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This post represents my personal opinions, and not those of current or former employers, projects, or programmes I am or have been responsible for. This post is available under a CC-BY license.
None less than Dave White (available now for the 2011-12 conference keynote season) started talking about geeks on twitter the other night.
This is what I have learnt about geeks in the last 10 years – I’ve worked with them and hung out with them, and although I feel like I understand them I wouldn’t claim to be one.. On twitter I was in full-scale Adam Curtis mode (or maybe just trying to get a slide all to my self in a Dave White talk) and came up with the following soundbites:
“The geeks are 2%. They’ve always been 2%. They always will be 2%. They’ll always own the cutting edge.”
“Geeks are The Culture. They share everything, they don’t need profit, they trust each other, they have super-advanced tech, they are naive.”
“Geeks have their own currency – reputation. In that respect they’ve a lot in common with what academics used to be.”
So, to unpack that a bit I’m fundamentally seeing geeks as being defined as those who are living now the life we will all be living in 3-5 years time. But they are doing so with a very different set of assumptions, values and interest.
Geeks are not technodeterminists.
It’s a cliche to paint a geek as having an interest in technology – Technology for geeks is like bricks to a builder. It’s a staple. You can do all kinds of cool stuff with it, but in itself it’s barely worth thinking about. Show a geek and a non-geek technodeterminist a new gadget. The technodeterminist gibbers about UI and gigabits and pixels per square inch. The geek asks “what can I do with it?” – a question that is more concerned with openness and interoperability than specification.
Geeks are interested (almost unhealthily in some cases) in human interactions and ways in which they can be improved and better understood. Most of what is interesting in geek culture is based on their understanding of (or, attempts to better understand) human interaction, and is expressed in the medium of technology. Most geeks do not have a formal background in humanities, so insights are drawn from technical analogies and amplified/reinforced by popular philosophy/literature and *especially* the more interesting class of games.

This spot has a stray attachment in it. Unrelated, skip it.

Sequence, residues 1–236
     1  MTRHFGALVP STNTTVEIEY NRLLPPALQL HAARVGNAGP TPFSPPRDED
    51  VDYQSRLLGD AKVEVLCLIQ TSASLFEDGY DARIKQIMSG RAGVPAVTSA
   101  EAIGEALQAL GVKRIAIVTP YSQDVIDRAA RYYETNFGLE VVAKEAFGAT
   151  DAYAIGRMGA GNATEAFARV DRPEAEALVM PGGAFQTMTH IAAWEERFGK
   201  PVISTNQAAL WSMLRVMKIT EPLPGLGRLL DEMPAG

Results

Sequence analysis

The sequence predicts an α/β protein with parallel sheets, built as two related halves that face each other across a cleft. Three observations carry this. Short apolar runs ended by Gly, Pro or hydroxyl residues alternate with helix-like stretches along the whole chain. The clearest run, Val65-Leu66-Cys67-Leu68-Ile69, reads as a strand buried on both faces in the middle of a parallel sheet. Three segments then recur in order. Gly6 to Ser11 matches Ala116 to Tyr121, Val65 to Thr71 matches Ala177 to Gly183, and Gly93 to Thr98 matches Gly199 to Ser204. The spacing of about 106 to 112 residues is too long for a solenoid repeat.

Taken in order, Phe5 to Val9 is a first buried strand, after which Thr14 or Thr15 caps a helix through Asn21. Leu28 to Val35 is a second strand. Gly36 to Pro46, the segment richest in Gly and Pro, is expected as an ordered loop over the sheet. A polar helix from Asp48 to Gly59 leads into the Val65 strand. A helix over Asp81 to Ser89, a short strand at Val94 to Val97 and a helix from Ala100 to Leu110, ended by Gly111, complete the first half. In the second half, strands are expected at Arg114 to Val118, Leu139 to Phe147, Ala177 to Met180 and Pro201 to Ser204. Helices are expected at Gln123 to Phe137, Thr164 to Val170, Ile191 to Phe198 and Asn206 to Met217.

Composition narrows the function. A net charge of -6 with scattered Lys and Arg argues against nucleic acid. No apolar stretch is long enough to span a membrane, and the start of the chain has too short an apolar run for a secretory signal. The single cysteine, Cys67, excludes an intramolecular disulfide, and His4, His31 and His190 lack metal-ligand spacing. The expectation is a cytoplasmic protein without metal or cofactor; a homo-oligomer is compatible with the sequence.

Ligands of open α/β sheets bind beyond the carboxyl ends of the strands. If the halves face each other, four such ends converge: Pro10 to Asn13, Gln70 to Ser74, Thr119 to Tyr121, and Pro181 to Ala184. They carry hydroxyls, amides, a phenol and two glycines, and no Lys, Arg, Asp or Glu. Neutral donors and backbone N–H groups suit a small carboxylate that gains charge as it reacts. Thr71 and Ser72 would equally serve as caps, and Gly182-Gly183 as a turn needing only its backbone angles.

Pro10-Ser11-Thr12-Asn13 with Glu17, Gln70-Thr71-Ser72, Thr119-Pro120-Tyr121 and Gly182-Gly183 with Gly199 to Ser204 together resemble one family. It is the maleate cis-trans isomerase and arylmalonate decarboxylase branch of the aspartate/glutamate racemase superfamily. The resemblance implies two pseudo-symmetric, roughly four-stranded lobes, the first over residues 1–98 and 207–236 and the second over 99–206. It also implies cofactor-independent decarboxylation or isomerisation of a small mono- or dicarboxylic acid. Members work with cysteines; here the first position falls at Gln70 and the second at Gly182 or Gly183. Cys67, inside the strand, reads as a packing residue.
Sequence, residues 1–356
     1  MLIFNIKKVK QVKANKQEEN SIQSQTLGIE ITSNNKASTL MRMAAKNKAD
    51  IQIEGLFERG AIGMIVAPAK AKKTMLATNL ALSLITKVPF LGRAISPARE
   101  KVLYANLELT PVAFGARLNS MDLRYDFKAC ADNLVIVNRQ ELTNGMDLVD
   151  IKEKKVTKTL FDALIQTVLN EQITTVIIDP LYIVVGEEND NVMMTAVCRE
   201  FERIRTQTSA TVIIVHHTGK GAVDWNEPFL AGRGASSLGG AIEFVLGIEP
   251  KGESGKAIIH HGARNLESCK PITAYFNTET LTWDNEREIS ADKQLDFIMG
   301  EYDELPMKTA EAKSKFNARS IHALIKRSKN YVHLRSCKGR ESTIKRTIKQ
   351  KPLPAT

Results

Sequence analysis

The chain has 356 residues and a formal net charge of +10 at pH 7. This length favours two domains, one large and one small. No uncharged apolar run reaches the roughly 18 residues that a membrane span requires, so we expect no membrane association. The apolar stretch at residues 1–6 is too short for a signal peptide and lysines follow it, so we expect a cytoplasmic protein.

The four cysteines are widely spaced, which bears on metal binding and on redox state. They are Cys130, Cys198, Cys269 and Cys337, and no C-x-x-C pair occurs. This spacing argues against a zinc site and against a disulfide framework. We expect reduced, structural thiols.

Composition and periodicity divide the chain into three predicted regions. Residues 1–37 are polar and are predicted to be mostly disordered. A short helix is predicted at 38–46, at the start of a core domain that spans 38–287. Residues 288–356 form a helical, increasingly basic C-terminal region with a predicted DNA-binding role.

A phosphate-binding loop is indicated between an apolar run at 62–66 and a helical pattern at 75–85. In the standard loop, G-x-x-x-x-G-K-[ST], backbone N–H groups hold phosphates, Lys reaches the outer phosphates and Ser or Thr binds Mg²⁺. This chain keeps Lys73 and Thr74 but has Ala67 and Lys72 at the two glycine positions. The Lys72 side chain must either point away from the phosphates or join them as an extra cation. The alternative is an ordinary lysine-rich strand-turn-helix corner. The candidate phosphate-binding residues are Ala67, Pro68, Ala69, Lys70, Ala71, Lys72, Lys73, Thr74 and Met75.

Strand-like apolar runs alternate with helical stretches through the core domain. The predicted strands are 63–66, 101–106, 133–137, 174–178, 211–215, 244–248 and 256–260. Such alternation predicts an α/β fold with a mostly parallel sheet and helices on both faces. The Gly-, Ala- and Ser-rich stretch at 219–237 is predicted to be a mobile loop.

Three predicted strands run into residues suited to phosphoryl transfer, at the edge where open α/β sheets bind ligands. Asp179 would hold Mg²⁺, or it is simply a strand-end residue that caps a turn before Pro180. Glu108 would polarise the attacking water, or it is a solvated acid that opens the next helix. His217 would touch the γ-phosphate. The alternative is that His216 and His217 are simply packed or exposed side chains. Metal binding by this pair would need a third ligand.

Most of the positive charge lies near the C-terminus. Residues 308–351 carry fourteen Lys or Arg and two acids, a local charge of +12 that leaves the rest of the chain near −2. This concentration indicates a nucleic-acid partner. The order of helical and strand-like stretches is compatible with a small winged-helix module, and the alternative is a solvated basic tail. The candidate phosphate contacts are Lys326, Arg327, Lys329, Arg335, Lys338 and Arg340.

Amongst themselves, they have perfected interactions to a terrifying level. Respect and reputation are key, but the unlocking capability is the ability to ask intelligent questions. If you can do this – even if you can’t understand the answers – you are accepted into the community. However, a poorly expressed question can often be treated with derision and rudeness.
Geeks design systems of interaction based on mutual respect and trust, precise and concise communication of key ideas, and the assumption that everything will be shared. When these systems migrate into wiser usage, these underlying assumptions can cause major problems. Facebook, for instance, assumes that you want to share pretty much everything with pretty much everyone – a default that becomes more and more problematic as the service becomes more mainstream.
Commerce, or even profit, is frowned upon. Those who manage to profit whilst maintaining geek credibility are tolerated, those who do not retain standing in the community are reviled. Geeks are more likely to work on something they think is cool (often with superhuman levels of effort and time commitment) than on something that simply pays their wages.
They are using technologies on a daily basis that you will be using, as I say, in 3-5 years time. But by the time you get there they will be gone, to a technology that is more efficient and/or (usually both) more open. Ideas and tools that excite them now are almost certainly not accessible for the rest of us, indeed we’ll have very little chance of understanding them in their current state. UI comes later, the possibilities and efficiencies are what is initially important.
As I said above, I’m not a geek – just someone who knows some geeks and is dumb enough to think he understands them. I think there are some historical and cultural parallels, as Carl Vincent pointed out:
“[T]hey are equivalent to academics from 300yrs ago and engineers from 150yrs ago.”
but I’ll leave them for others to draw out.
Here’s the gen on the latest Followers of the Apocalypse radio show on #ds106radio
If anyone is wondering what kind of music this is, the straight answer is “I dunno”. I say “drums & bass” but that is a fragmented genre that is pretty much meaningless. I’m no expert, but I think what I’m playing in this set is a mixture of old school D&B, darkcore, darkstep, EBM and industrial.
If you want to hear this kind of music done properly, check out DJ Lee Chaos at chaos approved. He’s an astonishingly good west-of-the-uk based DJ playing pretty much this kind of music. I love his stuff.
Full tracklist and on-demand listening for the Followers of the Apocalypse mix #3 on Mixcloud Helen Beetham speaking on “Digital Literacy and the role of the University” at Greenwich University, November 2010 In Our Time on BBC Radio 4 – “The Medieval University“, with Melvyn Bragg, Miri Rubin, Ian Wei and Peter Denley, March 2011 Jim Groom speaking at the City University of New York, “Going Loony at CUNY“, February 2011. In-game audio from the Fallout series of games. Sample from “Terminator: Salvation“